Spyro: Season of Ice brings the popular PlayStation series onto Nintendo's Game Boy Advance in true form. Once again, Grendor and his Rhynoc army have imprisoned all the fairies of the Dragon Realm. As Spyro, along with his little dragonfly pal, Sparx, it's up to you to rescue the fairies and gather the treasure scattered across more than 20 large 3D stages.
To re-create the freedom found in the PlayStation versions, Digital Eclipse has fashioned the GBA translation of Spyro into a smorgasbord of different level designs. The majority of areas use an isometric display that allows for large, lush worlds that are chock-full of hills, ledges, foliage, and all manner of animated peril. Although immaculately detailed (for example, with flowing water, frolicking sheep, and so on), Spyro: Season of Ice uses these huge areas as an excuse to send the player on a lengthy scavenger hunt. In all, there are 100 fairies and 7,000 total treasures to collect. To spice things up, a good number of levels occur from a top-down or behind-the-character perspective, putting you in control of Spyro or Sparx as you swoop through the air to gather even more treasure.
Much of the time, residents of the Dragon Realm will give you missions to complete to further flesh out the boundaries of a level. Whether igniting cacti, traveling to lighthouses, or just clearing Rhynocs, the amount of interaction with the locals helps give the game a sense of purpose. To fulfill their assignments, Spyro has the same selection of powers he had in previous PlayStation releases. Using the A and B buttons, you can make Spyro jump, float, and breathe fire--while the L and R shoulder buttons give you the ability to look around or charge at enemies. Each level is also set up in such a way that you really have to interact with the scenery to accomplish Spyro's objectives, which can amount to anything from scaling ledges and hopping from treetops to flame-breathing sharp objects toward a rampaging boss.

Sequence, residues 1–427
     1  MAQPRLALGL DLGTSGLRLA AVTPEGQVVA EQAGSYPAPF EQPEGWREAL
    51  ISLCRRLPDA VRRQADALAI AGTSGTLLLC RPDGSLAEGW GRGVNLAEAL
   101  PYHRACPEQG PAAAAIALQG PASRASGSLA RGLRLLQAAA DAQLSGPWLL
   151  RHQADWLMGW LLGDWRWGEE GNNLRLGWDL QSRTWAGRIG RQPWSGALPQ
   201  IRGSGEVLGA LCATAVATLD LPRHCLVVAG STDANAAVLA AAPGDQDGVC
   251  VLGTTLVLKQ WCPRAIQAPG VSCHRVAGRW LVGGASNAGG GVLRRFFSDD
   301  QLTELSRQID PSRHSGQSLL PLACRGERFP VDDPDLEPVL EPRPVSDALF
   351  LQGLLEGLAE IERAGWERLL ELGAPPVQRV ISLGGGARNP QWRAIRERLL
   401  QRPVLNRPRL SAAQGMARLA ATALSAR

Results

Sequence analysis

A lot of folks will find themselves turned off by the incessant scavenging that occurs in Spyro: Season of Ice, but to the developer's credit, there is a lot to keep one's mind off the monotony. Accomplishing quests, finding fairies, battling bosses, and breathing flames on everything is just as fun on the GBA as it is on the PlayStation. Better still, fans of the series should recognize a few of the GBA version's music tracks and sound effects, most of which are just as crisp as they are on Sony's console system.
Spyro: Season of Ice isn't a game that's enjoyable right from the outset, as you definitely have to get used to the tilted perspective and the skewed controls first. However, once you're used to floating diagonally and hopping ledges toward loftier areas, the game becomes quite fun.